If there’s not explicit context in your scenario, circumstance, or concept…it’s invalid. There. I said it. Really, I should end the article here but, alas, that would make me cryptic and mercurial.
Context is this amazingly-underused word that floats its way around the periphery of the industry. Really, it should become a buzz-word unto itself, replacing the likes of sheepdogs, Valhalla, judged by 12, and instinct. Yet when you ask a lot of folks what exactly that means, that “it” requires “context”, they act like they shouldn’t have to define it as it’s simply common-sense that everyone knows. (Thus, the “common”) Yet, as we find in monstrous volumes of martial arts and self-defense videos, articles, blogs, techniques, responses…..context seems to be the one major thing left out. Almost entirely. Yet it’s absolutely imperative for the student to understand the whos, whats, wheres, whens, and whys of why he/she’d be using that thing in the first place.
What circumstances brought this person to this particular situation. What time of day is it. Where, exactly, is it taking place. Why is it happening. What’s the tangible element that’s required by the interloper. What type of crime is this. How would de-escalating or avoiding or mitigating or terminating this scenario affect the greater outcome, regardless of what’s simply legal or admissible socially. What are repercussions and reverberating-effects of those actions. Do they fall within the realm of national/provincial/state/municipal law. Are there witnesses that may see this differently than you. Context takes away the general or universal and makes it specific and defined.
Context is that little element that clarifies exactly why you’d be doing the thing that you’re being taught to do. And there are a ton of things that go into that action. Legal repercussions. Social acceptability. Collateral damage. Alternate options. To use a vast chasm of difference, what’s acceptable in prison on a long-term incarceration is probably not equally-acceptable against a drunk guy telling you he’s going to kick your ass is probably not equally-acceptable to the little old lady flipping you the bird in rush-hour traffic.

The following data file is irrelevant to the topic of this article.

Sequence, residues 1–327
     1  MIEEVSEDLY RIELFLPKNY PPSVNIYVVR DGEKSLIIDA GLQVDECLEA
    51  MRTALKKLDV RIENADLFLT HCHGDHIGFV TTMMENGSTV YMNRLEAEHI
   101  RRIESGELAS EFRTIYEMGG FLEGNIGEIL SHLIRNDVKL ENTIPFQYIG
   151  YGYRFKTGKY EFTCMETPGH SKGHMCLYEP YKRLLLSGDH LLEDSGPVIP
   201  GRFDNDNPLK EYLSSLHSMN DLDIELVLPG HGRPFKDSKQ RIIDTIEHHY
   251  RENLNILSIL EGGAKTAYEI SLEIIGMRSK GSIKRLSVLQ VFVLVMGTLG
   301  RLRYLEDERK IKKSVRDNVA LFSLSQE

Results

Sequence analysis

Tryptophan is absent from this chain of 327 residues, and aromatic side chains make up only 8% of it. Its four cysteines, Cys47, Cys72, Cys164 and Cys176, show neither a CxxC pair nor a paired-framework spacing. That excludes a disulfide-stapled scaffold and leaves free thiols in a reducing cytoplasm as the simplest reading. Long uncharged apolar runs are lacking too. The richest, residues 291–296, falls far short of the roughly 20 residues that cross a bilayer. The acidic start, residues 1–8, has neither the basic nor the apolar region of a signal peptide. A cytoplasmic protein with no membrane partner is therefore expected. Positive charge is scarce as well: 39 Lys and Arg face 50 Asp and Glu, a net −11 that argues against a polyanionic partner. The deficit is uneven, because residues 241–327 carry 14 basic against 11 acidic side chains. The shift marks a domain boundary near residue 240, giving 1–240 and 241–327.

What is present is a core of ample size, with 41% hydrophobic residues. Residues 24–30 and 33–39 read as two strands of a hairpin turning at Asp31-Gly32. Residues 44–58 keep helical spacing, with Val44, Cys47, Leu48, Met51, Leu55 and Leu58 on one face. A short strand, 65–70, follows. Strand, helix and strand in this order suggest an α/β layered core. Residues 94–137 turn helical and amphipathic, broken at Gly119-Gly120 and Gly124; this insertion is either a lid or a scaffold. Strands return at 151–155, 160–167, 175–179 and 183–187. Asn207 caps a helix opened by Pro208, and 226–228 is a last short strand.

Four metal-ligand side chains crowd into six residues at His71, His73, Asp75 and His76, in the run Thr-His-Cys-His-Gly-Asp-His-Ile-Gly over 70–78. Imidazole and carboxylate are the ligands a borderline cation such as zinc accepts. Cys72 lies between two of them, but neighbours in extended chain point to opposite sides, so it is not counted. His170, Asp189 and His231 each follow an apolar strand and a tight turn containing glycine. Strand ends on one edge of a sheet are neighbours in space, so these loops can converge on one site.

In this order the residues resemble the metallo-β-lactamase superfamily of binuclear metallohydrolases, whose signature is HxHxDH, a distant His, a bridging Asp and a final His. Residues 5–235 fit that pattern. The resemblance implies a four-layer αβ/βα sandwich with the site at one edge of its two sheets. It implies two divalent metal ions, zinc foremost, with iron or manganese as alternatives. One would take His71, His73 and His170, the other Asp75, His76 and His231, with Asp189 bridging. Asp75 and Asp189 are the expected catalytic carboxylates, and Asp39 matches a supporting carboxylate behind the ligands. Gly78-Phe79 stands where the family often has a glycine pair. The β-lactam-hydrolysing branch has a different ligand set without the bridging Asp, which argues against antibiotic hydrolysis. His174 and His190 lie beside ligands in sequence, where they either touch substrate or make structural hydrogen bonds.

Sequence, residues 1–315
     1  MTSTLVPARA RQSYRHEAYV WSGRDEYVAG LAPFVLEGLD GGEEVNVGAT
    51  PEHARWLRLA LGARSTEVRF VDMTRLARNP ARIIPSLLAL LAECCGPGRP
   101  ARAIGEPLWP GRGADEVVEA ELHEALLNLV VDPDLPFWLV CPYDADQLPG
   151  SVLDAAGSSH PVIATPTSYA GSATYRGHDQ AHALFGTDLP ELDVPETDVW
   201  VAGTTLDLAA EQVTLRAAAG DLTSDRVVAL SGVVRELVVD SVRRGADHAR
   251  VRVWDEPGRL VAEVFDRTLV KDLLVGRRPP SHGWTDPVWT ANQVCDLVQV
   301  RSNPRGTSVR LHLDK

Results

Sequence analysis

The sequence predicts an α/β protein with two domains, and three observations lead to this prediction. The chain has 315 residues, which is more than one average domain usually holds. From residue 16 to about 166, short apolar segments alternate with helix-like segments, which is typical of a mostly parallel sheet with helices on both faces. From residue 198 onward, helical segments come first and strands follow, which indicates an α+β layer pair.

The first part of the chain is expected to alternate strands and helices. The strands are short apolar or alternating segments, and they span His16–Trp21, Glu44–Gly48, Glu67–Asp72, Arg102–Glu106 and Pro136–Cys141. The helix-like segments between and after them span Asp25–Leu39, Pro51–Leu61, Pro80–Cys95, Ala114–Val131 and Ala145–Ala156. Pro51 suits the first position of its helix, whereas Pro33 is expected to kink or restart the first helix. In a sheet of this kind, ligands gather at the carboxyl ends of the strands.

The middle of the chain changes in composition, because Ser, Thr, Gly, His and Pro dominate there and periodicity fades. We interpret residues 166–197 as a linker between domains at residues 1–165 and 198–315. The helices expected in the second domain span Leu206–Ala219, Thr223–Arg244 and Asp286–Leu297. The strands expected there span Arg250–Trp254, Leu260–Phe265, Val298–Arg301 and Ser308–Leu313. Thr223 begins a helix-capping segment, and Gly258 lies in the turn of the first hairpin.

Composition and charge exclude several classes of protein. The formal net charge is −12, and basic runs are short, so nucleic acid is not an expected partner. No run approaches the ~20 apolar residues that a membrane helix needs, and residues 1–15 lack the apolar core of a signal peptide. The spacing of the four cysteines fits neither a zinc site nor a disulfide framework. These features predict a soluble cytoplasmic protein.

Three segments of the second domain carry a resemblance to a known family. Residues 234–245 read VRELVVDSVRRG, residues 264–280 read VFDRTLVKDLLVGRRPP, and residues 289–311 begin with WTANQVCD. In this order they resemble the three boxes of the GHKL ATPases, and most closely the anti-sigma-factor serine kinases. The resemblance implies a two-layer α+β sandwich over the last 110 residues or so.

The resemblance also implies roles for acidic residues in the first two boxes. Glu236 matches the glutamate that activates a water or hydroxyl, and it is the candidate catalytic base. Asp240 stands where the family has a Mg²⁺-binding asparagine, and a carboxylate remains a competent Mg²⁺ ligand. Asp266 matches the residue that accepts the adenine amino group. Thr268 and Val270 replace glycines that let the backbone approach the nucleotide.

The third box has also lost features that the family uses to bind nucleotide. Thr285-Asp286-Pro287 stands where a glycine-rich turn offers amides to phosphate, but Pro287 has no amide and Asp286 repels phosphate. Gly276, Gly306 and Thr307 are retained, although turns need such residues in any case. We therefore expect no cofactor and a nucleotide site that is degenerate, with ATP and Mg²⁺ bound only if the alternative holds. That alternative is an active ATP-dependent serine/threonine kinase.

Why, exactly and in nauseating detail, would you choose to do what you’re doing. If context isn’t given (and given explicitly), ask. Ask intricate and detail-drawing questions that draw equally clear and precise answers. Any instructor should know this and be able to concisely explain it if he/she’s worth his/her salt. (If not, maybe that 5th stage of the learning cycle we often talk about – articulation – should be next on the priority list) Martial artists are noted for being generally context-free. Universal, general, one-size-fits-all solutions to complex, dynamic, rapidly-changing problems. Often hidden behind the claim that it’s “style”, “art”, “cultural”, “historical”, or “systemic” to justify the laziness or negligence that goes into not defining the problem clearly.
Murder videos where the instructor is showing off flashy artistic skills by cutting the throat of an offender who threw a right-cross….not contextually viable. Videos from the interview stage that have the “sucker-punching” the offender for telling him to fuck-off….also not contextually viable. Your instructor doing a 33-step complex drill and not knowing at all why, what skills it’s developing, and how it pertains to the focus of doing it….not either. You training to break the neck of a guy who called your girlfriend a whore….again, not contextu…well, you get the point. Yet tons of instructors don’t seem to.
Not only all this from the negligence perspective, but on a more functional level, context gives clarity. It makes action more decisive. It allows students to develop adaptive, transferable, confident decisions on-the-fly (yes, it’s possible) and eliminates fear or self-doubt hesitation because they’ve had the parameters and intangibles defined. The more explicit the context, the less doubt and hesitation will exist. The more explicit the context, the more self-confidence and calm and discipline the student will show when it’s needed….including in the pre-conflict or preventative stages. It’s not a “good idea”, it’s the foundation on which viable, real-world fundamentals are built. Demand it. I ask my students to…it holds me accountable and forces me to know precisely why I’m doing and teaching everything I’m doing and teaching. I’m providing a service, and a relatively important one that demands detail due the dynamic interactive social construct my optional, fluid solutions are built on. You owe your students context, and you better know it intimately….without them constantly needing to ask you.